I had been having the hardest time trying to decide where to go next. To some extent I still don't feel I have decided, but that airline ticket says otherwise. After doing my diving (more on that latter) I tried heading about halfway back to Bangkok to maybe visit another island for snorkeling or at least break the sixteen hour bus journey in half (or take a train half the way.) I hadn't decide on which town I was going to go to, so I sat at the bus station until I just missed the last bus to where I wanted to go. Oh well.

I checked into the Phuket Town place I stayed before going to the way touristy beach town. I figured I could use the cheep internet access to try to make a decision. That evening I sat down at one of the better internet places I have been to and spent three hours researching and trying to decide. Having not decided, I went to bed.

The next morning I realized that all the research I had been doing was about Turkey, not New Zealand, so that must mean that is where I want to go. I got going and went to buy my airline ticket. I had found the best ticket price I could (it routs me thru Cairo but costs half of a direct flight) and start the on-line purchase process. Up comes a little friendly window that tells me that an e-ticket isn't available so there will bee an extra USD 30 fee to send the paper ticket to my billing address. Well I don't really mind the $30 fee except that one FedEx doesn't deliver to P.O. Boxes and two I'm flying in less than two days and I'm no where near my billing address in downtown Minneapolis.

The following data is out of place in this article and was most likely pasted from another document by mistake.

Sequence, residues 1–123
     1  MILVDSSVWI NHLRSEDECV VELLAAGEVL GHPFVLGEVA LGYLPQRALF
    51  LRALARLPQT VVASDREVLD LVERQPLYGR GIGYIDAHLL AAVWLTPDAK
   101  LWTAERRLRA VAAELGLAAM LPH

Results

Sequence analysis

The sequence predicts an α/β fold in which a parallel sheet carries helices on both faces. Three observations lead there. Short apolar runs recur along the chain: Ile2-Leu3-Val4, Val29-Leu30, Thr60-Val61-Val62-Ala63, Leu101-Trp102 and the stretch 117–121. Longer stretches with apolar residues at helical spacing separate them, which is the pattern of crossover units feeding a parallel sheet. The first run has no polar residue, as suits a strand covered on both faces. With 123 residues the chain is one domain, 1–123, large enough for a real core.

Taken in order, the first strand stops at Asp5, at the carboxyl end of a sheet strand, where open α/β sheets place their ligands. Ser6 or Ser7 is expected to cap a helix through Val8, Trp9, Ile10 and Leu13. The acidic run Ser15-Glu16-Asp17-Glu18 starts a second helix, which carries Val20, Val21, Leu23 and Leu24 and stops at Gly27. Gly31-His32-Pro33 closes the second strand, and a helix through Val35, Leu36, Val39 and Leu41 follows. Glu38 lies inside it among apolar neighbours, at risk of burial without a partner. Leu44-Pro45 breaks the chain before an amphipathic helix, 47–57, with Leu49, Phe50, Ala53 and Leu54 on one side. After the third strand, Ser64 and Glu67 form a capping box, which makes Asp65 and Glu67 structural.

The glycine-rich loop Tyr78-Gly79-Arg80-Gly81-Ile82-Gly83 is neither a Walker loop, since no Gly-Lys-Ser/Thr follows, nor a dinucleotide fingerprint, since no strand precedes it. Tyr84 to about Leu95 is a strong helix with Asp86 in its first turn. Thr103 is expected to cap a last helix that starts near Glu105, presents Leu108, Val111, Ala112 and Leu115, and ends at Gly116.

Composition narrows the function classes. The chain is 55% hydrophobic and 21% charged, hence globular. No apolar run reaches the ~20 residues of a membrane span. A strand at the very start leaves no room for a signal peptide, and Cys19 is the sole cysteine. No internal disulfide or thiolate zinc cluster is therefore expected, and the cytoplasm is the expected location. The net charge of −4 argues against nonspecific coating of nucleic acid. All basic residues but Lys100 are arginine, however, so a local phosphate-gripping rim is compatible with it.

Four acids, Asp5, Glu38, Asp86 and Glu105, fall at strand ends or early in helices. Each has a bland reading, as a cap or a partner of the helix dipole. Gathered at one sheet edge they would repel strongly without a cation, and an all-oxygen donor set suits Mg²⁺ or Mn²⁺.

Oh well, I guess I will just head towards Bangkok anyway. I had also realized my visa expired in five days so I head to be moving on regardless of which direction I was going.

On the way to the bus station I passed a big shiny travel agency that had computers. I figured I might as well see what they can do. I stuck my head in and had them pull up the itenery I had found on-line and yup, they could generate the paper ticket on the spot and it was even going to be a bit cheaper than online! (Actually it has generally been true that travel agents almost always do a better job than I can find on-line, although these people were just using my research.) By then it was the 9th of March and my flight is at 1:20am on the 11th. So it is on an overnight bus to Bangkok to arrive the morning of the 10th, a day to organize my stuff and then on to Istanbul! (I did decide to "splurge" and get a hotel room for the day to make things easer and have a place to shower.